In Jaw-Dropping Video, Man Spins Glasses Of Water Without Spilling A Drop

Read on to find out more about this "dazzling display of physics"

In Jaw-Dropping Video, Man Spins Glasses Of Water Without Spilling A Drop

A viral video shows a man twirling glasses of water without spilling a drop.

In an astonishing video going viral online, a man is seen filling two glasses with water and placing one each at both ends of a long piece of rope. Using the rope, he lifts the glasses up and begins to swing them like a pendulum. Then, in a jaw-dropping stunt, he starts to twirl them around his head - spinning them vigorously in circles. The astonishing part? Not a drop of water falls out of the glasses as he does so. 

This gravity-defying stunt is not actually magic, though it may well look like it. It is actually a neat trick that uses physics to make sure that water stays inside the glasses as they are spun around. 

The video was shared on Instagram last month by Chennai resident Sarath. It was recently picked up by a popular Twitter account called 'Physics & Astronomy Zone' - which termed it a "beautiful display of physics". Take a look at the video below:

Since being shared one day ago, the video has collected a whopping 1.7 million views and more than 77,000 'likes'. It has also garnered a ton of impressed comments.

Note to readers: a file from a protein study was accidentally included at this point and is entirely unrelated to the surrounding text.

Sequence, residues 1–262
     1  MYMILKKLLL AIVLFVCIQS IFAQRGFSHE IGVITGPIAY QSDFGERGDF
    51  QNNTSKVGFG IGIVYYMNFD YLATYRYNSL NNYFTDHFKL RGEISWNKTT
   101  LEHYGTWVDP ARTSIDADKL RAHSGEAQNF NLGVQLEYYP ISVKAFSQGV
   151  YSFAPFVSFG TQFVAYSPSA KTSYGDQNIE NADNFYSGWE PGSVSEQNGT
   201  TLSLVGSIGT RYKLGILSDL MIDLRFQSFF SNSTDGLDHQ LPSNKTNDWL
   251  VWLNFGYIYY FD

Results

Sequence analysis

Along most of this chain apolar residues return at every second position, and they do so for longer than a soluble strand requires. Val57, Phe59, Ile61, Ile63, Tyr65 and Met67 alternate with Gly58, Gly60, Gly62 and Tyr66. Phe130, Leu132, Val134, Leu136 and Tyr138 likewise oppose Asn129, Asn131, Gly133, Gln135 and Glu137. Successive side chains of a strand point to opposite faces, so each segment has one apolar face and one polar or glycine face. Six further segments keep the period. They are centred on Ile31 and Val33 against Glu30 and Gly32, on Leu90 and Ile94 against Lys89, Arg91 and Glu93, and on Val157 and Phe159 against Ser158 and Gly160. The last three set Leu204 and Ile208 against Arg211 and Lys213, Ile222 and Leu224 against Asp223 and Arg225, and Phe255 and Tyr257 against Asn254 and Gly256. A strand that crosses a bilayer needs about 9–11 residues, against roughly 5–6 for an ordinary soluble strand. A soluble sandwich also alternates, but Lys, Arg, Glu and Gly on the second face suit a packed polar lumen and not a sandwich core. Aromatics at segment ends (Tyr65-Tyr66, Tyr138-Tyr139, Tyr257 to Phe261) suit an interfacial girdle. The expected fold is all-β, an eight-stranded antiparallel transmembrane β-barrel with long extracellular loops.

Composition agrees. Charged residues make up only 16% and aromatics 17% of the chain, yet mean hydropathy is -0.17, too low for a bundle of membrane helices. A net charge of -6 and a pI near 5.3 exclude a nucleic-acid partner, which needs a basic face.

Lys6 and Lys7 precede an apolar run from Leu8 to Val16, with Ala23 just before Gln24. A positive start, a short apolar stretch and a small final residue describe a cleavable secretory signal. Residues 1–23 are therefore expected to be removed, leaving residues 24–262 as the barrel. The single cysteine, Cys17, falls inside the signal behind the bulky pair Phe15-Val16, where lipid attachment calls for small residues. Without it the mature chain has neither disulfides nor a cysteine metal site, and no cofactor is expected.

One Twitter user in the comments section identified the performer as a resident of Chennai's Kannagi Nagar who teaches slum kids.

Another praised his video as a "dazzling display of physics".

Several people dropped comments praising the trick as "unbelievable" and "extraordinary". 

According to science magazine Scientific American, the trick of turning a glass of water upside down without spilling lies in inertia and centripetal force. 

Law of inertia, also called Newton's first law, says if a body is at rest or moving at a constant speed in a straight line, it will remain at rest or keep moving in a straight line at constant speed unless it is acted upon by a force.

When driving a car, for example, if you go fast around a curve, you will feel like you are being 'pushed' to the outside of the curve. This happens because your body wants to continue travelling in a straight line due to inertia. "Your seat belt and the friction of the seat against your body pull you along with the car as it turns, however. This force that makes your body turn instead of continuing to go straight is called centripetal force," explains Scientific American.

The same concept applies to spinning liquids. The Indiana Public Media explains that when you spin the glass over your head, the water inside it tries to move in a straight line, but the glass prevents it from doing so. Therefore, as long as you keep the bottom of the glass pointed away from yourself, inertia will hold the water inside the glass.

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